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Truth and reconciliation in Kashmir

Burhan Majid points out why a truth and reconciliation commission is appropriate for Gujarat 10 years after the Godhra riots but makes absolutely no sense in Jammu & Kashmir

Kashmir conflict

Ever since the third-generation Abdullah became Kashmir's chief minister, he has been batting for the setting up of a Truth and Reconciliation Commission (TRC) which, he believes, would help ascertain the truth behind allegations of widespread atrocities by the government forces in Jammu & Kashmir. The setting up of the commission received more attention after the discovery of thousands of unmarked graves in the valley by the state's Human Rights Commission. The discovery is only a vindication of the assessment of several rights groups.

The Wikipedia defines a truth commission or truth and reconciliation commission as a commission tasked with discovering and revealing past wrongdoing by a government (or, depending on the circumstances, non-state actors also), in the hope of resolving a conflict left over from the past.

Over the years since the first of its kind in South Africa (1995), it has been seen that the establishing of such commissions is a post-conflict resolution phenomenon. The commission is relevant when there has been a civil war and the warring communities need to be reconciled. The South African TRC came into being after the policy of apartheid had been abolished in the country. The draconian laws that ruled the black community till then had been repealed, giving people reason to believe that positive steps were being taken.

In Kashmir, however, the situation is diametrically opposite. It is neither a post-war situation nor is this a conflict or a clash between different communities. It is the government forces that are engaged in the rights violations. Draconian laws like the Armed Forces Special Powers Act (AFSPA) continue to be in place and under it the perpetrators of the crimes enjoy impunity. The crime continues.

Two, a major theme of truth commissions has been the principle of 'forgive and forget'. But among its foundational theories is 'restorative justice', as opposed to 'retributive justice'. Offenders are encouraged to take responsibility for their actions, "to repair the harm they've done—by apologising, returning stolen money, or community service".

Does the chief minister of J&K mean the same thing? Or is this just a convenient way out for mainstream politicians who have failed to prosecute a single offender for the human rights violations down the line since 1990?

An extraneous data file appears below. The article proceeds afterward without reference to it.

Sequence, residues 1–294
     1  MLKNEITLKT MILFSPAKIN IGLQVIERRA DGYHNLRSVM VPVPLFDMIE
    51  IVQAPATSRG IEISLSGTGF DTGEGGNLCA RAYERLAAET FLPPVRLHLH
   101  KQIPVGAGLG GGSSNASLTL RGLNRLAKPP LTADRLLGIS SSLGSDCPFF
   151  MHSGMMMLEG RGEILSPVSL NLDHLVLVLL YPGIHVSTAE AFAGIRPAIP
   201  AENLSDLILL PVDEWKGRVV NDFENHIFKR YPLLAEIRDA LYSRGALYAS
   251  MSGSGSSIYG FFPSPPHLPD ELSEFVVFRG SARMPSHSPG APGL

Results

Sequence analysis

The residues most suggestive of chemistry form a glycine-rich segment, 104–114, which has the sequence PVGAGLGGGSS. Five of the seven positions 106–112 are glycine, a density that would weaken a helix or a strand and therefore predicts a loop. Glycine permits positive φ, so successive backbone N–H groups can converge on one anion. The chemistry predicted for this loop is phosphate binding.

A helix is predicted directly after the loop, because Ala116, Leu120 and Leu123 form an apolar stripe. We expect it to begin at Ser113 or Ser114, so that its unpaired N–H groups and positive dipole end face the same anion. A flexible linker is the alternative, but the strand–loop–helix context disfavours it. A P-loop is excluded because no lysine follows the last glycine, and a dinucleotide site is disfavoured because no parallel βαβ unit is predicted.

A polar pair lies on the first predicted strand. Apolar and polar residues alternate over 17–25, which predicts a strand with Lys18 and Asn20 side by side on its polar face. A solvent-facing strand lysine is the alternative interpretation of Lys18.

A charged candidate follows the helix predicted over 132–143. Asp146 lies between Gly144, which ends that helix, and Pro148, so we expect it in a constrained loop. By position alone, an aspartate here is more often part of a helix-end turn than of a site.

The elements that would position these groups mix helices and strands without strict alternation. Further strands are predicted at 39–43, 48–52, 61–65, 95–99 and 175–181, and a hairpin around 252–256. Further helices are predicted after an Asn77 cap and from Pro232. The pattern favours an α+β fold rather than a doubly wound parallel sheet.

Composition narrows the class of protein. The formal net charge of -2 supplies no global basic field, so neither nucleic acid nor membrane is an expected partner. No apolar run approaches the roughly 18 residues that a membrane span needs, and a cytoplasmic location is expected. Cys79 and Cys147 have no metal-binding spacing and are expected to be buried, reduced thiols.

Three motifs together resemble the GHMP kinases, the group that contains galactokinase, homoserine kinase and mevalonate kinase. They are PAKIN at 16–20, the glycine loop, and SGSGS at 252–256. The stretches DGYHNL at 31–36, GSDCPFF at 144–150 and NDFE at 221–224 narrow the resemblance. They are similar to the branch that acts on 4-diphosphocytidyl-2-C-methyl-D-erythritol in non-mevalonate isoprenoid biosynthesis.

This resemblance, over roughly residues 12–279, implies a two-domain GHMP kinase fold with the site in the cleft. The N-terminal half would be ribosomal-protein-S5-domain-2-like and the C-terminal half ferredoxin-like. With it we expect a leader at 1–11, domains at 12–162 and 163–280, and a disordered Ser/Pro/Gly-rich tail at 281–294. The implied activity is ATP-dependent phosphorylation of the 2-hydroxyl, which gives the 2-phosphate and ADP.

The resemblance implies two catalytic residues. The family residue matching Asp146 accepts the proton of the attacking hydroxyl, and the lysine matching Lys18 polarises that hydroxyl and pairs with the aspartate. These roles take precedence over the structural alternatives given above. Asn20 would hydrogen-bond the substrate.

Three, truth and reconciliation commissions are essentially non-judicial bodies that try to establish what happened during a conflict or during a transition between an authoritarian form of government and a democratic one. Thus regarded, they do not have the power to punish perpetrators, and punitive measures are what the Kashmiris have been demanding for a long time now.

Courts are the appropriate place to punish offenders, not truth commissions. In Kashmir, the facts are as open, aren't they? Mass graves, forced disappearances, custodial killings, rape, torture, arson, mischief etc stand confirmed by many independent agencies, don't they? What more does the government need? The truth is out there, the only thing the rule of law demands is to bring the criminals to book.

On the other hand if we take the case of the 2002 communal carnage in Gujarat, reconciliation is called for. For the carnage, most often termed a genocide, involved two communities – Hindus and Muslims. The fact that the two communities have no choice but to live together strengthens the call for a truth and reconciliation commission to sort out the issues between them. However, given the established government complicity in the carnage, reconciliation must also be accompanied by retributive justice.

Thus there is a clear distinction between Kashmir and Gujarat. In 2002, after the death of 59 Hindus, burnt alive in two coaches of the Sabarmati Express which was bringing them back from Ayodhya, Gujarat saw violence that claimed approximately 2,000 Muslim lives besides huge loss of property.

While the South African TRC may be relied on as a model for reconciliation in Gujarat, the significant difference in the political context of Gujarat and South Africa must also be acknowledged. The latter involved an absolute regime change and a shift in the power bases whereas in the former the same political dispensation continues. Therefore, any truth and reconciliation initiative in Gujarat must be based on the assurance that such acts on the part of Hindu right-wing extremists are never allowed to happen again. At the same time Chief Minister Narendra Modi, the man behind the massacre, must be brought to book. For if Modi is not punished, Hindu hardliners might be emboldened to carry out such violence again.

In Kashmir, reconciliation cannot be seen as a viable alternative to justice. Appointing a truth commission in a state that continues to witness killings, torture and systematic oppression of citizens will only rub salt into the wounds.

If the government is serious about justice in Kashmir, it needs to get rid of draconian laws such as AFSPA immediately.

(Burhan Majid is an independent researcher and journalist based in Kashmir)

Infochange News & Features, February 2012